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Is it ever okay to lie?
01 October 2013
Gwyneth Paltrow curates a weekly online site called Goop. (Ruby has had cause to refer to it before.) In August, just before the site and Gwyneth took a break for the summer holidays, she revealed she was confronting The Truth, admitting that she’s only “just starting to get honest”, and that “it took a lot of living, and the culmination of much suffering, and turning 40 nearly a year ago,” to make her start forcing her own hand.
Gwyneth has been criticised for revealing too much at times. However, if there is one space that demands honesty, it’s online. The environment has to be real. It has to be authentic. It’s where relationships are built and to build them you need trust.
Lies don’t gel well with trust. So Ruby sought the thoughts of Australian online publisher Jane Waterhouse (The Hoopla and Birdee) as well as Birdee editor Hayley Gleeson on the value of truth.
Jane was quick to point out that authenticity has to come at every level in the world of online, and in her experience truth matters.
“I worked with a person who was forging my signature and taking money out of the company,” reveals Jane.
“This employee told me to my face she hadn’t done it. That’s pathological. But then there are the fear-based protection lies which often aren’t even about self-protection but about protecting someone else. They are the moral conundrums we all run across in life. In the end, why lie when the truth will do,” finishes Jane.
“I’m going to get a bit soulful here,” admits Birdee editor Hayley, “but I think you feel good within yourself when you’re honest and true to yourself. You feel better when you are open about what you are and what you’re not. For me, and I won’t speak for anyone else, but I encourage honesty in me because I think it encourages honesty in others.”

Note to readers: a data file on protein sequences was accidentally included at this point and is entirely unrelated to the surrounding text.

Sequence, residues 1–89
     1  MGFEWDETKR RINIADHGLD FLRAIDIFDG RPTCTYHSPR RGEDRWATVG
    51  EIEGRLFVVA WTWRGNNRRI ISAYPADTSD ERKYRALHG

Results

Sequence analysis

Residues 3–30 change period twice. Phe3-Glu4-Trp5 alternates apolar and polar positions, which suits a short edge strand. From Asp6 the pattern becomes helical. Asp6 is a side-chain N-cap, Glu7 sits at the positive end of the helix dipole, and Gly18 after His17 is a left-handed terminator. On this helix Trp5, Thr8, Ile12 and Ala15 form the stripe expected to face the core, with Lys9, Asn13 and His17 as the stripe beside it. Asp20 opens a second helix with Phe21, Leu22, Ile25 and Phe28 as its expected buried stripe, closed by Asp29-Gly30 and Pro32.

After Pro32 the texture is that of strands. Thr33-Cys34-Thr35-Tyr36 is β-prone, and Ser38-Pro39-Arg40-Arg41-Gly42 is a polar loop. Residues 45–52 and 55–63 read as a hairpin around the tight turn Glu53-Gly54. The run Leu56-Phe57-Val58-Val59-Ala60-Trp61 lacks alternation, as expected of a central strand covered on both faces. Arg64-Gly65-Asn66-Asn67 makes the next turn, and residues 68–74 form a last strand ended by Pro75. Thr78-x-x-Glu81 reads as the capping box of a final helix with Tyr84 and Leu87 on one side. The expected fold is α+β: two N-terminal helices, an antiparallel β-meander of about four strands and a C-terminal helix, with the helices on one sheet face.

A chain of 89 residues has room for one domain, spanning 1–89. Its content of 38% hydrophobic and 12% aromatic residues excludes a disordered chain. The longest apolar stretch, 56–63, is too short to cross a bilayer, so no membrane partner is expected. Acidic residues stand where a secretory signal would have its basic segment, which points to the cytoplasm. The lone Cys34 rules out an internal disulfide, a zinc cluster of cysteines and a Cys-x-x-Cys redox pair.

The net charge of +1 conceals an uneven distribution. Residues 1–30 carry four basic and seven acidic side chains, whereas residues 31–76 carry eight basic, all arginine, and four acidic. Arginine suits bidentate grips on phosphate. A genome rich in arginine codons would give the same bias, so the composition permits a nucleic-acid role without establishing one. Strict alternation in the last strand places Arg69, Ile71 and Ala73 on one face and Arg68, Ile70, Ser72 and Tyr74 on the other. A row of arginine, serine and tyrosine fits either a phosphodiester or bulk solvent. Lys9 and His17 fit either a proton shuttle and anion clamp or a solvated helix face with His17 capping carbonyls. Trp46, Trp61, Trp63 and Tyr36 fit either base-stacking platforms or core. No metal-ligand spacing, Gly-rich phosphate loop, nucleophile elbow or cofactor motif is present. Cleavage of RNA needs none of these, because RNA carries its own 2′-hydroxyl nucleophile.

The things that inspire young women
Hayley believes young women are looking for “role models who are doing their thing confidently but are honest and authentic at the same time. They want people who are themselves and stay true to themselves no matter what life throws at them. That’s what inspires us.”
According to Harvard Business ReviewOctober 2013 article "Be Yourself, but Carefully", there're times to share and times not to share. As HBR points out:
"A rise in collaborative workplaces and dynamic teams over recent years has heightened the demand for 'authenticity' and 'instant intimacy,' and managers are supposed to set an example. But sharing thoughts, feelings, and experiences at work can backfire if it’s hastily conceived, poorly timed, or inconsistent with cultural or organizational norms. Getting it right can be challenging for leaders at any stage of their careers. The authors draw on four decades’ worth of research in social and organizational psychology to look at common mistakes executives make when they’re trying to be authentic and to offer a five-step plan for moving toward more-effective self-disclosure.
1. Build a foundation of self-knowledge. The best approach is to solicit honest feedback from coworkers and follow it up with coaching.
2. Consider relevance to the task. Before sharing personal information, ask yourself if it’s germane to the situation.
3. Keep revelations genuine. Making up or exaggerating stories is easily discovered and can damage credibility.
4. Understand the organizational and cultural context. Some societies are more inclined than others to disclose personal information.
5. Delay or avoid very personal disclosures. First take note of how open others are.
The authors include a tool to help you assess when—and when not—to share."